Natural gas prices this week broke out to their highest level since January.
The latest six-to-10-day weather maps continue to forecast above-normal temperatures across a large portion of the US, which has resulted in a boost in demand for natural gas to power air conditioning. There is some concern that the recent advance in prices to $3.25 per million British thermal units (MMBtu) could result in utilities switching from natural gas back to lower-priced coal.
With warmer weather forecast, traders expect weekly storage builds to stay below average and anticipate that the natural gas supply surplus will continue to be whittled down.
“Weather forecasts continue to provide support for gas prices, with above to well-above normal temperatures expected across the most of the East in the coming weeks,” Addison Armstrong at Tradition Energy said in a Reuters report.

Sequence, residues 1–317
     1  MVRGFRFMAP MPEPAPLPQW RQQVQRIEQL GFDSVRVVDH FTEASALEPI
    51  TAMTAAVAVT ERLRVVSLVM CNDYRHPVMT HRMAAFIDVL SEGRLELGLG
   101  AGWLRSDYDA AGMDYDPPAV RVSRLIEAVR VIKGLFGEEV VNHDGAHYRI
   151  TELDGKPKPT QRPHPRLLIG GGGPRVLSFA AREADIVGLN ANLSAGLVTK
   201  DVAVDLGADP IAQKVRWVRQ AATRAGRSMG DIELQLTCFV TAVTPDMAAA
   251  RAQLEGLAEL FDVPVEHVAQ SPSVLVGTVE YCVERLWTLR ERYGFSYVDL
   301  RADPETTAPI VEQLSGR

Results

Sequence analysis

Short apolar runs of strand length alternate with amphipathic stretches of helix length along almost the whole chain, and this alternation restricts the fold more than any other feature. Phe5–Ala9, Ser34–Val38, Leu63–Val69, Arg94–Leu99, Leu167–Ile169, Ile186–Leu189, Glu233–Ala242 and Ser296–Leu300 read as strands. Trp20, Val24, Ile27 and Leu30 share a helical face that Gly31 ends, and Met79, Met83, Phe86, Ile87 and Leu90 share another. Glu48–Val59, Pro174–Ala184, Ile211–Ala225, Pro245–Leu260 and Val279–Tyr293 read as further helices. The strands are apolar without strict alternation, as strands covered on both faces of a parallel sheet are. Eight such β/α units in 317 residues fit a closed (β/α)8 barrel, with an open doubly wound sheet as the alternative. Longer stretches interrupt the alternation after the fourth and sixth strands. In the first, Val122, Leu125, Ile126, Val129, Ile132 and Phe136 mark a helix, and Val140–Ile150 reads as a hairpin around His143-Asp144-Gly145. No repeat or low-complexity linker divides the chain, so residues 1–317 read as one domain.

According to a Reuters quarterly price poll released Monday, Henry Hub gas prices are expected to average $2.57 this year, two cents below the last quarter’s estimate of $2.55. Reuters data shows that prices have dropped about 36 percent below the 2011 average price of $4.02.
As of July 24, the Commitments of Traders Futures and Options report showed that non-commercial traders were net short 72,242 contracts, down 5,664. “Non-commercial and nonreportable traders combined held a net short position of 41,205 contracts, for a decrease of 7,005 in their net short positioning,” the report states.
Prices are holding above the psychological $3/MMBtu level, which traders say has become the new floor for prices. That level was traditionally viewed by many as the point at which power generators would switch from natural gas to coal. However, according to Dominick Chirichella of the Energy Management Institute, extreme heat has kept demand for natural gas high despite rising prices.
“Even with the economics of coal to gas switching still favorable to coal there should be enough demand to outstrip supply for the next several weeks,” Chirichella said in a note to clients.